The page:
For the first time, a commercial spacecraft has docked to an orbiting satellite. Northrop Grumman's "Mission Extension Vehicle-1" (MEV-1) docked with a Intelsat 901, a communication satellite that's been in orbit for 18 years.
The hope behind this exercise is to one day have specialized satellites regularly refueling older satellites while in orbit, thereby extending those older orbiters' life cycles. The helper satellite's could also assist the older ones in changing their orbital paths, if need be. And finally, these helper satellites could be part of a crucial task — an interstellar cleanup, assisting in cutting down on the amount of space junk already cluttering up Earth's orbit.
"This is the first time in history a docking has been performed with a satellite that was not pre-designed with docking in mind," vice president at SpaceLogistics, a subsidiary of Northrop Grumman, Joe Anderson said during a conference today, as quoted by The New York Times.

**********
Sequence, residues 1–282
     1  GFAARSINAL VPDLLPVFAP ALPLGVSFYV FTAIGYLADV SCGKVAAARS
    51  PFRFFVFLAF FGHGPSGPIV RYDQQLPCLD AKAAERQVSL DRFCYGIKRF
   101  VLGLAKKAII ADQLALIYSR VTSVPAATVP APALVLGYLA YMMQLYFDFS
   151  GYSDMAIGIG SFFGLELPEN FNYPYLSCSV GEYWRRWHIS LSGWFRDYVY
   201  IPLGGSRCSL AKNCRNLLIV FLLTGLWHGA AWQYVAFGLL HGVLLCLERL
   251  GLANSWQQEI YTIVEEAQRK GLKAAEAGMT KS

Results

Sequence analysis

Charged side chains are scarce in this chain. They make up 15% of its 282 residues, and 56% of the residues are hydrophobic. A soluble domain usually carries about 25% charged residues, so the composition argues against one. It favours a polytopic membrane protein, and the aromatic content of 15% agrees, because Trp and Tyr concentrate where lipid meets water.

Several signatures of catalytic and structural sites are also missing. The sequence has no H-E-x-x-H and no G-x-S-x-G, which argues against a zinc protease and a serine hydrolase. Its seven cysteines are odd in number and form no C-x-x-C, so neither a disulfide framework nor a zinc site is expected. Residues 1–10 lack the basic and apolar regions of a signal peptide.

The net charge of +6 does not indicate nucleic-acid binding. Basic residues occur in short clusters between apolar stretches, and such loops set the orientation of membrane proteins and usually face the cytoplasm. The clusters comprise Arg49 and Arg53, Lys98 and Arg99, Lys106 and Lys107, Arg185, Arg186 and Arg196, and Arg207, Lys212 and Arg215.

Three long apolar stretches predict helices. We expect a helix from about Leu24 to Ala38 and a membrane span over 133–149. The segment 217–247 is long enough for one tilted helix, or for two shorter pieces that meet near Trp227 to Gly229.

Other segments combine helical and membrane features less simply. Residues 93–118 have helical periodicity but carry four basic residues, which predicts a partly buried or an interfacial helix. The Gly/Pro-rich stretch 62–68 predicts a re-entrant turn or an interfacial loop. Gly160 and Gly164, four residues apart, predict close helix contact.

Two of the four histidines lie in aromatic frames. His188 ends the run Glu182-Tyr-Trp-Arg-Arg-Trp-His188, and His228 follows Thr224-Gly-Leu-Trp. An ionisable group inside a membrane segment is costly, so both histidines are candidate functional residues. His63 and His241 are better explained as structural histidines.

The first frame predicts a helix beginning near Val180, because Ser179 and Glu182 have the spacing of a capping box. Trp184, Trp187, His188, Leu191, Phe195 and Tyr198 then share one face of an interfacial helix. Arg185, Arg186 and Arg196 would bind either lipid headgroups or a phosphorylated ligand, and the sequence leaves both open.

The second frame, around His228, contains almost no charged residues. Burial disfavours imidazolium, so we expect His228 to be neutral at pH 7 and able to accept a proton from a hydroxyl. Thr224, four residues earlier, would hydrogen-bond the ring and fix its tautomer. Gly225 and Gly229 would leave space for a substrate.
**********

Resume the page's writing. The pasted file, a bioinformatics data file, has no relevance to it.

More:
To complete the demonstration, Intelsat changed the orbit of its older satellite to match MEV-1. The older satellite has been running out of fuel (and has been out of commission) since December.
MEV-1 is planning to extend the lifetime of the retired satellite by five years before pushing it to the "graveyard orbit" where satellites go to die once they've been decommissioned, as NYT reports.
Spacecraft like MEV-1 won't be servicing just a single satellite. "When the customer no longer desires MEV’s service, the spacecraft will undock and move on to the next client satellite," reads the Northrop Grumman's website.
With the likes of SpaceX launching constellations made up of tens of thousands of planned satellites, Earth's orbit is getting pretty cluttered. But orbital refueling stations like MEV-1 could reduce the need to send up even more satellites.
Future iterations could even inspect and repair older satellites and even enhance their performance by attaching new parts, according to the company.
READ MORE: A Meeting in Orbit Demonstrates a Space Junk Solution [The New York Times]
More on satellites: Amazon Patented a System That Literally Whips Stuff Into Orbit